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Conference to address water crisis in Southwest Colorado

Reservoirs across Southwest Colorado and the West have been suffering because of persistent drought. (Jim Mimiaga/The Journal)
Drought requires ideas and collaboration; Sky Ute Casino in Ignacio will host seminar

A 22-year drought means Colorado’s water supply will not meet all current and future demands. And one winter of above-average snowpack will not solve the long-term shortage.

Navigating these shallow waters requires education, ideas and discussion, which is the goal of Southwestern Water Conservation District’s 39th annual Southwest Water Seminar, scheduled for March 31 at the Sky Ute Casino Resort in Ignacio from 8 a.m. to 4 p.m.

This year’s theme is “Seeking Common Ground in Crisis,” a call for collaboration.

Examples that describe the water shortage include:

  • From 2010 to 202,1 runoff in the Florida River watershed, Durango’s main water supply, dropped by 36% when compared with the years 1985 to 1999.
  • In 2021, a record-low McPhee Reservoir provided just 10% of allocated water supply to farmers in Montezuma County and Ute Mountain Ute lands, and in 2022, farmers only received 40%.
  • In 2021, Dove Creek nearly ran out of municipal water because canals that deliver the water shut down earlier than ever before.
  • Colorado communities could need 230,000 to 740,000 acre-feet of additional water by 2050 if the drought persists and no new water projects or strategies are implemented, according to the 2023 Colorado Water Plan.
  • Water conservation and efficiency efforts could reduce future annual water needs by up to 300,000 acre-feet, the plan states.
  • Building more storage capacity is a potential tool. On paper, existing water rights in Colorado could double the current storage up to 6.5 million acre-feet.
Diversity of topics, stakeholders

Exploring solutions as a community is the goal of the seminar, said organizer Elaine Chick.

“These are interesting times. How do we find common ground and work together and not against each other,” she said. “Through communication and collaboration, organizations working together can accomplish goals they couldn’t reach working in isolation.”

The conference moved to the larger Sky Ute Casino this year to accommodate its popularity, she said. The conference’s previous venue was at the Double Tree by Hilton Hotel in Durango.

The conference will feature expert presenters, water managers, environmental speakers, Ute Mountain and Southern Ute Tribe perspectives, and panel discussions on a variety of water topics.

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The draft agenda is being finalized.

The panel “Water Reuse: Treating Wastewater and Using it Again, A Deeper Look,” is a hot new topic drawing interest as a conservation strategy. The moderator is Peter Butler.

Panel members are Aurora’s Prairie Waters Project; Jolene Walsh, Eastern Municipal Water District; Brandi Honeycutt, Colorado Department of Public Health and Environment; Molly Morris, Four Corners Office for Resource Efficiency, and Helen Katich, of U.S. Sen. John Hickenlooper’s office on funding in the drinking water space.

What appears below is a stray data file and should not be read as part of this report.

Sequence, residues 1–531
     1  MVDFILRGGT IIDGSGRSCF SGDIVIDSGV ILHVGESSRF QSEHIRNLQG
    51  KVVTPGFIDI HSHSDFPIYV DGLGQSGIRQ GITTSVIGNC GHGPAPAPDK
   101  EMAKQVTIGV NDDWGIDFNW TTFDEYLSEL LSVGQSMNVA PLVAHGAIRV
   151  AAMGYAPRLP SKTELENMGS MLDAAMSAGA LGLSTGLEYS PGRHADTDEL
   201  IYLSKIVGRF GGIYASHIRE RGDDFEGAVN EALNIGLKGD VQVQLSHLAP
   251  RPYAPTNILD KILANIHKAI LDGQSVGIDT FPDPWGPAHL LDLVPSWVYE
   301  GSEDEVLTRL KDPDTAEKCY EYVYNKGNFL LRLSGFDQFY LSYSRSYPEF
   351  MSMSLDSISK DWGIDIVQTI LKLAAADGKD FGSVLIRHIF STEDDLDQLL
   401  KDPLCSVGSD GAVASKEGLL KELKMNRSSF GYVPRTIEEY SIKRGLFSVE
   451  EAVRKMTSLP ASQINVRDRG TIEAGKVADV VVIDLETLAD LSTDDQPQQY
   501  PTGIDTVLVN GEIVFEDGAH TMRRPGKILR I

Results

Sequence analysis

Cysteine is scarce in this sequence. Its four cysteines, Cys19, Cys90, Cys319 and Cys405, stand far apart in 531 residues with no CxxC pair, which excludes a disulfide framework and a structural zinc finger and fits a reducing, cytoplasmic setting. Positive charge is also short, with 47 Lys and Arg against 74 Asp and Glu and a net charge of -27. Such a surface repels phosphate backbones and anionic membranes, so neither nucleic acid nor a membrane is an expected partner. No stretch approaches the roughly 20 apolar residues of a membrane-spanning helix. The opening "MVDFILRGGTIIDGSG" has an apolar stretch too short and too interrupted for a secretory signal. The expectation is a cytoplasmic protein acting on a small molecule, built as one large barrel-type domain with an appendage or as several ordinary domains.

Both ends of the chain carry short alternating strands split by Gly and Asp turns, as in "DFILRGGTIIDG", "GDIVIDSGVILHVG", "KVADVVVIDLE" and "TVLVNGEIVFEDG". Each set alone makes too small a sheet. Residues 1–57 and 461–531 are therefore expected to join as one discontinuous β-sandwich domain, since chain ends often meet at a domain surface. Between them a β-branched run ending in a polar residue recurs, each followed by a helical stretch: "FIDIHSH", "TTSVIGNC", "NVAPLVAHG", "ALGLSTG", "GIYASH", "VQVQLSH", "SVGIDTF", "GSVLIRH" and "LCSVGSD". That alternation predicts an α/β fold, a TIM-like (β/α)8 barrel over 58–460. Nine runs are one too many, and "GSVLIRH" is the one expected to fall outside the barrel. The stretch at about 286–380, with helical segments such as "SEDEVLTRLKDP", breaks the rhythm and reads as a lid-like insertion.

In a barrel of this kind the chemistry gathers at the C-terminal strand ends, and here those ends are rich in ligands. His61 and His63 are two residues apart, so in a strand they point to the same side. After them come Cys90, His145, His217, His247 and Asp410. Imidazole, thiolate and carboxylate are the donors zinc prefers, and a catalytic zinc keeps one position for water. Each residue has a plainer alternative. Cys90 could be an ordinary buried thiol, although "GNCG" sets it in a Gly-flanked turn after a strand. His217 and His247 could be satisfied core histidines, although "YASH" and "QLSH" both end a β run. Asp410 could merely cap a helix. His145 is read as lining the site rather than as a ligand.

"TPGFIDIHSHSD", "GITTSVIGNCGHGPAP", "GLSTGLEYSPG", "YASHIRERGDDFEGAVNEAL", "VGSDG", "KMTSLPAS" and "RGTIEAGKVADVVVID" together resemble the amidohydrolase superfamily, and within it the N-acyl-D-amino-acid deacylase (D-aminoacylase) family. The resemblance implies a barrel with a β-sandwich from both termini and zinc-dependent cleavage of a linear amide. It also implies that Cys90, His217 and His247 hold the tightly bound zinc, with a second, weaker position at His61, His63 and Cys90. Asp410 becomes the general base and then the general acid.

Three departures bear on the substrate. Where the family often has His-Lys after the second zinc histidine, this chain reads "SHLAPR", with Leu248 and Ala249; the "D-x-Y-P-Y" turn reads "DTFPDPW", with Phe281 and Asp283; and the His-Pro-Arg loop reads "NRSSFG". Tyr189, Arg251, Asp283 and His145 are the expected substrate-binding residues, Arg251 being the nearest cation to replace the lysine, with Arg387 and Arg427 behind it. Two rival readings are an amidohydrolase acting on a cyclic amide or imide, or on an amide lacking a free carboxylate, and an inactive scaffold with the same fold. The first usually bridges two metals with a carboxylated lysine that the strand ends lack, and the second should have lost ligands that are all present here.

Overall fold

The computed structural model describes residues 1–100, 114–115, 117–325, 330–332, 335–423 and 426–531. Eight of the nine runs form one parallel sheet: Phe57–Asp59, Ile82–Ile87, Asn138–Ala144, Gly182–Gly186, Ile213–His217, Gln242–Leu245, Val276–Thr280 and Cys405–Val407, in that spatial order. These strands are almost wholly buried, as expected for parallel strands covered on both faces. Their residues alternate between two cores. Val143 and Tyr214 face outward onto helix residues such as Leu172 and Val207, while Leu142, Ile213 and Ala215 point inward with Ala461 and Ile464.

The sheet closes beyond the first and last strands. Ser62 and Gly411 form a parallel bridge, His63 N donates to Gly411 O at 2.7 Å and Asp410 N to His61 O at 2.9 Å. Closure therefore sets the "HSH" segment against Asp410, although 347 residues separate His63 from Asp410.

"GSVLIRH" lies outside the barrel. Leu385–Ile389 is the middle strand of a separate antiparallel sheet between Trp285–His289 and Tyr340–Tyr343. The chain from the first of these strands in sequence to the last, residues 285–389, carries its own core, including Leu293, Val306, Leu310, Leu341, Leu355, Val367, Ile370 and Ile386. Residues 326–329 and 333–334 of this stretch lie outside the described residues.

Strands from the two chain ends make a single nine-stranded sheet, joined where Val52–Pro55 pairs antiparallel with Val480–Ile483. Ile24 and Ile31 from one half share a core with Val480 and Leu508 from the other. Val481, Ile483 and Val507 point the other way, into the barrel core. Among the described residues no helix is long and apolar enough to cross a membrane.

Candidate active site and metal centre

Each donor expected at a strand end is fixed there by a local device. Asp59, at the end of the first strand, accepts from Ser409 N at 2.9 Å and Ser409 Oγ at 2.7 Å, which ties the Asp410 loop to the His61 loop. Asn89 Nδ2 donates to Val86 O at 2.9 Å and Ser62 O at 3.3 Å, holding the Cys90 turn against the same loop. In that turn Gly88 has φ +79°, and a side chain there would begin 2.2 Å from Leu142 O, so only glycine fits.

McPhee Reservoir is a main water supply for Southwest Colorado. (Journal file)
Lake Nighthorse stores water for municipal and industrial use. (Durango Herald file)

“Water reuse is happening more, and it can be controversial,” Chick said. “It is seen as a solution for conserving water. The panelists will talk about successes and address concerns, talk about the technology of the systems.”

The panel “Seeking Common Ground along the Colorado River” features Chuck Cullom, executive director Upper Colorado River Commission; Tanya Trujillo, assistant secretary for Water and Science, U.S. Department of Interior; Ute Mountain Ute Chairman Manuel Heart; and Andy Mueller of the Colorado River Water Conservation District.

The moderator is Steve Wolff, general manager for Southwestern Water Conservation District.

A panel about water use for Western Slope agriculture versus Front Range cities should be a crowd pleaser.

“West Slope-East Slope, Lower and Upper Basins Food and Water Connection” features Robert Sakata of Sakata Farms, Simon Martinez of Ute Mountain Farm and Ranch, and Paul Bruchez of Reeder Creek Ranch. The moderator is Ken Curtis, general manager for the Dolores Water Conservancy District.

For context on the “great divide,” 80% of water in the state falls on the Western Slope, and 90% of the people live east of the Continental Divide on the Front Range. To balance it out, 27 tunnels and ditches move 500,000 acre-feet of water per year from the Western Slope to Front Range users.

A panel on statewide and regional environmental issues will be led by Celene Hawkins, of the Nature Conservancy, Forest Programs Director Dana Guinn of Mountain Studies Institute, and the Theodore Roosevelt Conservation Partnership.

New this year is a media panel titled “The Role of Communication in a Water Crisis”

Moderator Jerd Smith of Fresh Water News will lead a discussion by reporter Jonathan Romeo of the Durango Telegraph, Alex Hager of KUNC and Christi Bode Skeie of Moxiecran Media.

Anyone with interest in water may attend, Chick said.

“It’s not just for water managers, it's for the general public, landowners, students, town council members, county commissioners,” she said. “The overall theme is, How do we address the crisis of diminishing water. It is something people need to pay attention to. The crisis is not going away just because we have snow today.”

To register in-person for $50, visit: swwcd.org/more/southwest-water-seminar/ before March 29. Registration includes breakfast and lunch. Walk-in registration may not be available if advance registration reaches capacity. Cost at the door will be $60.